With all that extra income, these wealthy (primarily white), highly educated Gen-Xers could afford to buy bigger houses, more luxurious cars. So, of course, housing and other prices followed suit. Eventually, we needed two incomes just to maintain the same quality of life that the Boomers and Silent Generation enjoyed from just one. And after the fad of downsizing, globalization of the workplace, and two economic downturns (in 2000 and 2008), we are now all running as fast as we can just to not fall behind."

Elizabeth Warren also talks about this in "The Two Income Trap":
"Of course, the notion that mothers are all going to run pell-mell back to the hearth and turn back the clock to 1950 is absurd. But that aside, a big part of the two-income trap is that families have basically bid up the cost of living. Housing is a big example. A generation ago, an average family could buy an average home on one income. Today you can't do that in three-quarters of American cities. We all know that housing prices are going up, but what most people don't realize is that this has become a family problem. Housing prices are rising twice as fast for families with kids.
    A lot of that has to do with public schools. As confidence in the public schools has dwindled, people are bidding up the prices on homes in those school districts with good reputations; so for a typical family, the only way to afford one of those homes is to send mom to work. Average mortgage expenses have gone 70 times faster than the average father's income, and the only way families are keeping up is by bringing in two incomes.
    Of course that's where you see the trap. If families were simply sending Mom into the workforce and using that money to build their savings, or to have more fun, or to go on more vacations, you wouldn't see the same kind of financial trap. If Mom or Dad got laid off, heck, they'd stop going on vacation. But that's not the case. If mom gets laid off now you can't say, "Well, we'll just stop paying the mortgage for awhile." One of the things we've heard over and over after our book was released was mothers stepping forward and saying: "You're telling my story. You know, maybe I prefer to work and maybe I don't, but I tell you I have no choice financially. The only way we're getting health insurance and the only way I'm sending my kids to a decent school is for me to work and work some more." ...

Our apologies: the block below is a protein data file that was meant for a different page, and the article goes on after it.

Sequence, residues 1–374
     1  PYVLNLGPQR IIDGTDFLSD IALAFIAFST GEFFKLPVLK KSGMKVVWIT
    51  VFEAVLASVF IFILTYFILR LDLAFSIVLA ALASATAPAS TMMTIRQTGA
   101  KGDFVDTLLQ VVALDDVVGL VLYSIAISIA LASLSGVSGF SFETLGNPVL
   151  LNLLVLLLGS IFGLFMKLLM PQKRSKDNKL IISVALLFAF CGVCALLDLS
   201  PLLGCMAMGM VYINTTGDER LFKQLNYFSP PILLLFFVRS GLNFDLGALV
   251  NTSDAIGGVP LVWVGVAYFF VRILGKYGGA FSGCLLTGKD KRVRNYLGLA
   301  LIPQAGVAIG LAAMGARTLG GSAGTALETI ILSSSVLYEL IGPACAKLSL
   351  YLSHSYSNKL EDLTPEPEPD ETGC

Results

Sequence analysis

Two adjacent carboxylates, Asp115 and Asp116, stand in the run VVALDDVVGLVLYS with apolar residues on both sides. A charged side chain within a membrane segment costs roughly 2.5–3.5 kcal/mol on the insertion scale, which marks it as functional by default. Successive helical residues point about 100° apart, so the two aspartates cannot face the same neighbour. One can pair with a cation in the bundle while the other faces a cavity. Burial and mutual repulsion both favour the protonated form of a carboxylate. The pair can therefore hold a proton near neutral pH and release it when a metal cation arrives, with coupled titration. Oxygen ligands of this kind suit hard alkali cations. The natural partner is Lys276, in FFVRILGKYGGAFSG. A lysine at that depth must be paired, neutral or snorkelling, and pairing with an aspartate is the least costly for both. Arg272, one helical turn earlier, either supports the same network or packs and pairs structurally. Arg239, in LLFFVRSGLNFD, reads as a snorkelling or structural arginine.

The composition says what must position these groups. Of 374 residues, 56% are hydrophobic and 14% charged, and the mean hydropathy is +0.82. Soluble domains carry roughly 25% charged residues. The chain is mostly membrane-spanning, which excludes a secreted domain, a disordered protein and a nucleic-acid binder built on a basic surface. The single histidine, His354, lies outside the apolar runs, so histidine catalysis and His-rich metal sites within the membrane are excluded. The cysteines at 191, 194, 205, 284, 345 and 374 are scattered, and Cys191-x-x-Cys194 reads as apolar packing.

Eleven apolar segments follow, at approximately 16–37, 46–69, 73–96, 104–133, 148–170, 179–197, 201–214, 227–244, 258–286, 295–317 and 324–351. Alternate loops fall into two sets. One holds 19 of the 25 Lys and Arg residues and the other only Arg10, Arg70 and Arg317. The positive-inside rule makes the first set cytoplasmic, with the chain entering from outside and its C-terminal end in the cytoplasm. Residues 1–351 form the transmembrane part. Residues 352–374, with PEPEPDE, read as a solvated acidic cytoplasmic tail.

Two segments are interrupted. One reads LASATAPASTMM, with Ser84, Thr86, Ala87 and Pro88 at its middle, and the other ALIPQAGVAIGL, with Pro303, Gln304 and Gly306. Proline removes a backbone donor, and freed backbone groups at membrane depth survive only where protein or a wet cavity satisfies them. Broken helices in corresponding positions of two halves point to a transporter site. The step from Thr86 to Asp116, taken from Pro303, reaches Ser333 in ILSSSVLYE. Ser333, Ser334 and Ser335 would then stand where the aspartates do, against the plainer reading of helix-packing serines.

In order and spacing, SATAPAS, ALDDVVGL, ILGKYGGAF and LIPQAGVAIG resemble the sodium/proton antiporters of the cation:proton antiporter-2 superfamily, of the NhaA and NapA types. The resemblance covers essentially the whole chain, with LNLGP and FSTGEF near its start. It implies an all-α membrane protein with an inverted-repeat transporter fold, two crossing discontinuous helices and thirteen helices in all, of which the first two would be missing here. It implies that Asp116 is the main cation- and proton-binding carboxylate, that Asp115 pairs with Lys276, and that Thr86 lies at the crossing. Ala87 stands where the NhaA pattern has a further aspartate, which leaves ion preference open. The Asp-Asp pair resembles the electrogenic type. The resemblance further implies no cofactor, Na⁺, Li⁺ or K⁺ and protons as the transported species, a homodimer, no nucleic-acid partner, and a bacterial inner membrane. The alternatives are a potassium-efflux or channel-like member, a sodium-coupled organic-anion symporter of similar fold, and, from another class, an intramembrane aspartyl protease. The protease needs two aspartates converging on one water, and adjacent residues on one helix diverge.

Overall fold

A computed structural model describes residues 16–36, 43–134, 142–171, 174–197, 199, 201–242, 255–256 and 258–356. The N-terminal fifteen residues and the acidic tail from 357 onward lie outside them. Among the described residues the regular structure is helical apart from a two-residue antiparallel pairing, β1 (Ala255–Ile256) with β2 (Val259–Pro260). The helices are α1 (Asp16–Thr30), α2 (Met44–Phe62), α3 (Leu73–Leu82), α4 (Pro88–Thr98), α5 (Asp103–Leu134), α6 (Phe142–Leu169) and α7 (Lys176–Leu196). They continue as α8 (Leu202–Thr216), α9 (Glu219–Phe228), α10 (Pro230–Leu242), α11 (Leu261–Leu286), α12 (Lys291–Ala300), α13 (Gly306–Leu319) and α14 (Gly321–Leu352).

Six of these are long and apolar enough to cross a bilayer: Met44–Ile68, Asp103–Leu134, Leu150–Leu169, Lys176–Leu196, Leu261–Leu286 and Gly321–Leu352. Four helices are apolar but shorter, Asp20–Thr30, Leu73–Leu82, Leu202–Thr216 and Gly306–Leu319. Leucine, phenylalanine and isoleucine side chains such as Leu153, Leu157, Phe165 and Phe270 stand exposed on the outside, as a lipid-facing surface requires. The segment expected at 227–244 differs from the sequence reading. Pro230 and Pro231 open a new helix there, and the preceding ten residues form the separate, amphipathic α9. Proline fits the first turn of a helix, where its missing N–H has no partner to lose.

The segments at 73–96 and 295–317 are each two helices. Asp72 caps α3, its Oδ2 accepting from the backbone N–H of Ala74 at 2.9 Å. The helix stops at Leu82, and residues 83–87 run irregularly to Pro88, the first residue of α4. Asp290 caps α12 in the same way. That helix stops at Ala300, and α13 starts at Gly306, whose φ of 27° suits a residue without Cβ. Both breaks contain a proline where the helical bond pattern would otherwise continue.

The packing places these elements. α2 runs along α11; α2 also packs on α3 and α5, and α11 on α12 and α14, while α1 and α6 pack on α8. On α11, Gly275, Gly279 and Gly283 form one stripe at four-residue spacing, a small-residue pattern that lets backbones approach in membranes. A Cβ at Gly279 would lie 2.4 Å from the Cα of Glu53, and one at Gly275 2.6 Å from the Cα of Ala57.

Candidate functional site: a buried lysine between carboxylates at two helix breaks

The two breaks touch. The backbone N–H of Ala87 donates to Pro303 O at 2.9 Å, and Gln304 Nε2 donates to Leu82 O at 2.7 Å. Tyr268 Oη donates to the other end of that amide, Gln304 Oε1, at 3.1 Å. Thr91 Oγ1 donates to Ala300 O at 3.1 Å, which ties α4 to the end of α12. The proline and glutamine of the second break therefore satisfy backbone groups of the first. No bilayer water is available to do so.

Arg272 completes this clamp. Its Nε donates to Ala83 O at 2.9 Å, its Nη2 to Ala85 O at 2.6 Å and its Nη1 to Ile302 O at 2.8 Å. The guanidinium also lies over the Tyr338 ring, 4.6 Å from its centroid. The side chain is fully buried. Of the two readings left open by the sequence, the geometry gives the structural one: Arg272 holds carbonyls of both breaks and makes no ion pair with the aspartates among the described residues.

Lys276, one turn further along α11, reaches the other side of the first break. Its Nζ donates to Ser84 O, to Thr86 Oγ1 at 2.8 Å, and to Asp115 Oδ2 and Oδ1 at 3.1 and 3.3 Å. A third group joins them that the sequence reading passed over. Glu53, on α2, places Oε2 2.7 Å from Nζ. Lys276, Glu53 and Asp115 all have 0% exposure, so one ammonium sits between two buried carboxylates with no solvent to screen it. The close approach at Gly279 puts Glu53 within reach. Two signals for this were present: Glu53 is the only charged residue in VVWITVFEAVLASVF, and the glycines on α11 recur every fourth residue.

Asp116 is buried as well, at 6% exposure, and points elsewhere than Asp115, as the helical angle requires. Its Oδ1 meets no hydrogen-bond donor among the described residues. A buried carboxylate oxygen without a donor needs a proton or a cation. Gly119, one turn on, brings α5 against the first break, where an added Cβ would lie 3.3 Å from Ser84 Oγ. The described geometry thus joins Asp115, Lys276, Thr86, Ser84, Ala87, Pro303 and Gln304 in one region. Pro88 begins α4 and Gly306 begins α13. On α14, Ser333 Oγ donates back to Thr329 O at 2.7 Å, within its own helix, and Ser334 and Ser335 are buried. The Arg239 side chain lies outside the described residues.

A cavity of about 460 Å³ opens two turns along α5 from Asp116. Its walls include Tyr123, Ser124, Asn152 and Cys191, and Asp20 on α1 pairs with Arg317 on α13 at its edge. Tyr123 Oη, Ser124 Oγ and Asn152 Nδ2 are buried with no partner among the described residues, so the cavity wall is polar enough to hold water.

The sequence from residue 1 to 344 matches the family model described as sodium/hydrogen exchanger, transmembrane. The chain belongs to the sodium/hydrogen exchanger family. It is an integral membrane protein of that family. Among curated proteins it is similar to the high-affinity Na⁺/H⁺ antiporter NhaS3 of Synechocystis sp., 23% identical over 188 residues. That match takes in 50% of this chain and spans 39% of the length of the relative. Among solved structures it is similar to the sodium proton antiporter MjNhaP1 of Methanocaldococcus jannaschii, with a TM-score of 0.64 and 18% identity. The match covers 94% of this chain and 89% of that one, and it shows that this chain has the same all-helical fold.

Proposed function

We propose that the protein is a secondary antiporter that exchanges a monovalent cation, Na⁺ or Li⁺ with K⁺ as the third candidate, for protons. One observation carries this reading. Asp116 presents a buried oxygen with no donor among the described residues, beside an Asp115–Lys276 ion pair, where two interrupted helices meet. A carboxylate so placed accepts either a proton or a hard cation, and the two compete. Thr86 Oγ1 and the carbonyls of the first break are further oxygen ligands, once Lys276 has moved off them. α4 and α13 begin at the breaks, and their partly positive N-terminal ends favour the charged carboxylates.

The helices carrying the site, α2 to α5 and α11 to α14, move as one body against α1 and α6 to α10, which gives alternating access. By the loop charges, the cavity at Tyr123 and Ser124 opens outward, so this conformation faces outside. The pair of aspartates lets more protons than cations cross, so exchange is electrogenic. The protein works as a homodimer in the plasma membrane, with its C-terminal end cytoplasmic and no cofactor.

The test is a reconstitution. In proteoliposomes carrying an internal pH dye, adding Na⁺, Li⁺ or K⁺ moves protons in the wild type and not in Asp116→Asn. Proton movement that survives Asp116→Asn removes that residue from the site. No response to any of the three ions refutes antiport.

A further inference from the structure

Yes, there's this great myth out there that we call the "Over-consumption Myth," which goes: If you earn a decent income, and you're in trouble financially, it must be because you're blowing all your money at the Gap, and TGIF. The myth is so powerful, it almost seems like heresy to question it. But when we actually looked into the data on what real families actually spend, it's just not true. An average family of four actually spends less on clothing than their parents did a generation ago, adjusted for inflation. That includes all the Tommy Hilfiger sweatshirts and all the Nike sneakers. How does this work? Well we forget all the things we don't spend money on anymore -- how many kids have leather shoes for Sunday school anymore? How many people dress up in wool suits for work everyday?
    The point is that families today are spending their money no more foolishly than their parents did. And yet they're five times more likely to go bankrupt, and three times more likely to lose their homes. Families are going broke on the basics --housing, health insurance, and education. These are the kind of bills that you can't just trim around the edges in the event of a downturn."

Germany shows a different ways forward on this.
"How did Germany become such a great place to work in the first place? The Allies did it. This whole European model came, to some extent, from the New Deal. Our real history and tradition is what we created in Europe. Occupying Germany after WWII, the 1945 European constitutions, the UN Charter of Human Rights all came from Eleanor Roosevelt and the New Dealers. All of it got worked into the constitutions of Europe and helped shape their social democracies. It came from us. The papal encyclicals on labor, it came from the Americans."